What Is The Origin Of The Sun?
Centuries ago, the Incas of Peru called themselves “Children of the Sun”, and performed ceremonies in the worship of the king of the heavenly bodies. They were wrong, of course, in thinking that the sun was a god. but they were right in believing that there would be no life on earth if it were not for the sun. If the light from the sun were suddenly cut off, life on earth would be impossible.
But there is really nothing special about the sun. It is just a star. Not the biggest or the smallest, not the brightest or the dullest, just an ordinary star like millions of others in the universe. It happens to be the nearest star to us, and we are at just the right distance from it to make it possible for us to enjoy the benefits of its heat and energy.
Since the sun is a star, scientists cannot really know what its origin was, because they still do not know how the stars in the universe came into being. The invention of the spectroscope revolutionised the study of the sun, by making it possible for astronomers to discover a great many of the elements which go into its make-up. It is now known that nearly all these elements are found in the earth’s crust, too.
Does The Sun Shine The Same All The Time?
You’ve heard the expression: “As sure as the sun will rise tomorrow.” The sun is for us a pretty steady and dependable thing. Whether we see it or not, we know it is always there, shining in the same old way.
And for all practical purposes, that is good enough. The sun is a star, and so it shines by its own light. Where does it get this energy? It is now believed that hydrogen atoms in the very hot interior of the sun combine to form helium. When this happens, it sets free energy which flows steadily to its surface. And the sun should be able to continue radiating this energy for many millions of years to come.
But if we examine the sun in a little more detail, we do not get quite the same “steady” picture. First of all, the sun is not a solid body like the earth, at least at its surface. In fact, different parts of the sun rotate at different rates. The sun’s rate of rotation increases from 25 days at its equator to 34 days at its poles.
The outer layer of the sun, called “the corona”, is composed of light, gaseous matter. The outer part of this corona is white, and it has streamers that extend out millions of miles from the edge of the sun. These may cause small, but definite differences in the way the sun shines.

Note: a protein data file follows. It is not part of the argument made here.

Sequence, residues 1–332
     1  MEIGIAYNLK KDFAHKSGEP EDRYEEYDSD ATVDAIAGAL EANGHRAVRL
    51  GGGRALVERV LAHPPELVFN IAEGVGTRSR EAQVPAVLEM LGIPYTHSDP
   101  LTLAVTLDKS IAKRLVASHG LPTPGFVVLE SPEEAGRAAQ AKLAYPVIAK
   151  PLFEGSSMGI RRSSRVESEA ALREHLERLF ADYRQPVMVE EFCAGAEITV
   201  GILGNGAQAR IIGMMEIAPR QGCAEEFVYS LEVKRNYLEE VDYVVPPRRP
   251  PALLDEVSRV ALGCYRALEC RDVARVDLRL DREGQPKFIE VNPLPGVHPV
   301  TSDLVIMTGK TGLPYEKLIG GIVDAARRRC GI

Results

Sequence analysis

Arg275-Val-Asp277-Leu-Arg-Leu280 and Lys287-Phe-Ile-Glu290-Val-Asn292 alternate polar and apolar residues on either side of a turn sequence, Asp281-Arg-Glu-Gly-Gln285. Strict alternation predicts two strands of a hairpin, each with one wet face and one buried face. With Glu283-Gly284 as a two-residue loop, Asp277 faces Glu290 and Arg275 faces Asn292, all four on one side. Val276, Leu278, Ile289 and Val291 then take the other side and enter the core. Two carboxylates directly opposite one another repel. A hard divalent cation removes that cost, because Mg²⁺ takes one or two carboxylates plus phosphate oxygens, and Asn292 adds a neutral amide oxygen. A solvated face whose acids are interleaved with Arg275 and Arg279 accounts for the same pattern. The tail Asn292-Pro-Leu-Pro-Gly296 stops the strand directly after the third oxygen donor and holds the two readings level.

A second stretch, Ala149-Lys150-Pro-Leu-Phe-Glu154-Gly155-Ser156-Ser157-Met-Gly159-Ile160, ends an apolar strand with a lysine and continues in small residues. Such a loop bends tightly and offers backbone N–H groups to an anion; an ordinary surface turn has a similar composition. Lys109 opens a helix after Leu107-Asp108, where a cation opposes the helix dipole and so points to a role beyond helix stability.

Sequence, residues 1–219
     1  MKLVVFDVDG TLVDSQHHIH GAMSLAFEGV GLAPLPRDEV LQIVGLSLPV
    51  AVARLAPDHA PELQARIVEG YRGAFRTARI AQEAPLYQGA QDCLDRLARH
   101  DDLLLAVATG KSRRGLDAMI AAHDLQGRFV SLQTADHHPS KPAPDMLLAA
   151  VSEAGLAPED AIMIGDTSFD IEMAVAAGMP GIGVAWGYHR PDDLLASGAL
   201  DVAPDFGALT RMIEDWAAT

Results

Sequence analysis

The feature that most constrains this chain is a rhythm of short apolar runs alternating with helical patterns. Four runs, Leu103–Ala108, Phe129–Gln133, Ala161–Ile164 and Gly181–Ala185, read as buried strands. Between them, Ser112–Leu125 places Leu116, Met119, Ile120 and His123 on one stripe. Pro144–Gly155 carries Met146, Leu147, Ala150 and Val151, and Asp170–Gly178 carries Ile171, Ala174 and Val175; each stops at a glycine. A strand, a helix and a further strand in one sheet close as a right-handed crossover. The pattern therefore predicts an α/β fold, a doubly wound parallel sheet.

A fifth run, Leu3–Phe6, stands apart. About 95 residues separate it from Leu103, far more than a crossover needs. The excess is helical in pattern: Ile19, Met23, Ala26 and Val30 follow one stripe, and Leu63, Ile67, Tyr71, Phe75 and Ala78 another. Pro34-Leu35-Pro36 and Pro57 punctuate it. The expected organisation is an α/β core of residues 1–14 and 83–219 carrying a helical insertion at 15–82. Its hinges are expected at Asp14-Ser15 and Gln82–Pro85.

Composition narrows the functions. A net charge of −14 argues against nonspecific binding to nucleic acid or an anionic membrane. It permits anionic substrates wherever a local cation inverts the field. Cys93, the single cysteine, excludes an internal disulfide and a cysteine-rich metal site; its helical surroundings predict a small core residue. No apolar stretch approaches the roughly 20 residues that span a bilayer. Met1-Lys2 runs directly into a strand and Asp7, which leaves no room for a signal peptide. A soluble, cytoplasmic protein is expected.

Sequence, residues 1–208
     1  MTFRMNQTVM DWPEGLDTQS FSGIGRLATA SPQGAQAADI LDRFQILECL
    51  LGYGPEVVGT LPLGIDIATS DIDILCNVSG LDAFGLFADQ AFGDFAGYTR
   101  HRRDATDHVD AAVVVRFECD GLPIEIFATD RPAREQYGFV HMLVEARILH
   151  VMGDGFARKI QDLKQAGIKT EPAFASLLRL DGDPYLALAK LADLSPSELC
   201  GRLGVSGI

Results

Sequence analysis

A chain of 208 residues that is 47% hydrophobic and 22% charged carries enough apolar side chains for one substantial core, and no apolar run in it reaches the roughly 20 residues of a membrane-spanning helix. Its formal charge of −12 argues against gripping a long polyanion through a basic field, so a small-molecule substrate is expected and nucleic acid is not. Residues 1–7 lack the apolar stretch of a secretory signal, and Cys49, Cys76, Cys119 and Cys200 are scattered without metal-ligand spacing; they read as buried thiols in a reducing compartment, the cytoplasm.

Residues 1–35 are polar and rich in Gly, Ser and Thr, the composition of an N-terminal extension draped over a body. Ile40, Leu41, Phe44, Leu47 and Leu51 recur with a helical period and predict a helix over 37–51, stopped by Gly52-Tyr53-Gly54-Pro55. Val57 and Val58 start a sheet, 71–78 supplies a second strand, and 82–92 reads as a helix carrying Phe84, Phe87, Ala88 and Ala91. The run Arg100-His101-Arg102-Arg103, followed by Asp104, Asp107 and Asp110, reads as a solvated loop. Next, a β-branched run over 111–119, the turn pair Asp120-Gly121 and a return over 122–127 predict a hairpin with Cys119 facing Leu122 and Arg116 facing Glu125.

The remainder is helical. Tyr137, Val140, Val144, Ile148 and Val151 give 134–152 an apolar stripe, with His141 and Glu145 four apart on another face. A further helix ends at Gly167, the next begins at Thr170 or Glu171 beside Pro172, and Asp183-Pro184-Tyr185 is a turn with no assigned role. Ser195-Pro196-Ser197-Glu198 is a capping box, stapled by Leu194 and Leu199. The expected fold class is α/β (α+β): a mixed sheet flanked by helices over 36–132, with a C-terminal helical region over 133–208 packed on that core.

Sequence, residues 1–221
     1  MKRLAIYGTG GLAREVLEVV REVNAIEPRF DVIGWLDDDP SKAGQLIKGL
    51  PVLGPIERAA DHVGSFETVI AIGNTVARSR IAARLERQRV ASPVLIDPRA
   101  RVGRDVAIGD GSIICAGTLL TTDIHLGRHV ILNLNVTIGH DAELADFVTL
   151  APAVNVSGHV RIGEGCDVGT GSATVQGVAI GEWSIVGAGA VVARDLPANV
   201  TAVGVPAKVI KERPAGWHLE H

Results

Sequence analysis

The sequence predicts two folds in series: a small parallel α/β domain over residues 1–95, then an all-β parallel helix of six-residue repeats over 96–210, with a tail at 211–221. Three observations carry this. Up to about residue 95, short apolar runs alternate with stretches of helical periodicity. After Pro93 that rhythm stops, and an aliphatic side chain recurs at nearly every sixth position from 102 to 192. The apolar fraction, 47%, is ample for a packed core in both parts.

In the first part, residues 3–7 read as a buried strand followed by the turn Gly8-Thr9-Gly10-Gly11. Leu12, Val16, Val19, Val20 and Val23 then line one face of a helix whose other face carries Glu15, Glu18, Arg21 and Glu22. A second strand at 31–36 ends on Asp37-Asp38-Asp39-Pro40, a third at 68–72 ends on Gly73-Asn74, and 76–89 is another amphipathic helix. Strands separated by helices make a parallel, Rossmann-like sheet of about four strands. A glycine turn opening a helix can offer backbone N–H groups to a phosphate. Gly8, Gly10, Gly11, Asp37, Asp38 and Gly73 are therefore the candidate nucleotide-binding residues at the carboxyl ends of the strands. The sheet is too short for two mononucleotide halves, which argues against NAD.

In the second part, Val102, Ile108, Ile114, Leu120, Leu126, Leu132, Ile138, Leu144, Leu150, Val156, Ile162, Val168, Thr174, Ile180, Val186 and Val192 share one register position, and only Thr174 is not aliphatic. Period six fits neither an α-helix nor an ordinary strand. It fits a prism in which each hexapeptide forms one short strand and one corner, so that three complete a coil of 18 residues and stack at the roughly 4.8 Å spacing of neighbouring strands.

Another layer of the sun, called ” the chromosphere”, is about 9,000 miles thick and is made up largely of hydrogen and helium gas. From this there project, huge clouds called “prominences”, which may rise to heights of 1,000,000 miles. These also are part of the “unsteady” way the sun shines.
How Hot Is The Sun?
It is rather hard for us to realize that our sun is merely just another star in the sky. This is probably because we think of the stars as looking so tiny. The sun looks larger than any star because it is only about 93 million miles from the earth. The nearest star is 25 billion miles away!
What is the temperature on the surface of the sun?
Scientists believe that it is about 6,000 degrees Centigrade. To give you an idea of how hot this is, white-hot molten iron used in making steel reaches a temperature of about 1,430 degrees. So you see how much hotter the sun’s surface is. And as for the interior of the sun, astronomers estimate it may be as hot as 20,000,000 degrees centigrade.
Remember, scientists, are only making a “guess” about this because we know almost nothing about the interior of the sun. We do know something about the composition of this star. For example, it has been learned that the sun contains more than 60 of the chemical elements present in the earth. But it is hard to study the sun’s interior because the sun is surrounded by four layers of gaseous matter.
How can we even think about the sun in this way? Won’t the sun last forever? The reason science can consider this question is that we know the sun is simply a star, and this means we can compare it with other stars. And since other stars have gone through a process of change, science believes that the same will eventually happen to the sun.
At one time, in fact, it was believed that the sun was a body that was slowly cooling off. It was simply “burning”. Now we know that if this were so, the sun should not have lasted several thousands of years.
If it is not “burning”, then what is going on in the sun? We now have evidence that indicates that the sun ‘s radiant energy is the result of atomic transformations. The hydrogen atoms in the very hot interior of the sun combine to form helium. This sets free the energy flows steadily from the inside of the sun to its surface.
How long can this go on? Well, let us suppose it goes on exactly as it is doing now for another 150 billion years. As a result of this process, the mass of the sun would be reduced by roughly 1 per cent! So it seems that the sun can continue to shine and supply the earth with energy for many billions and billions of years to come.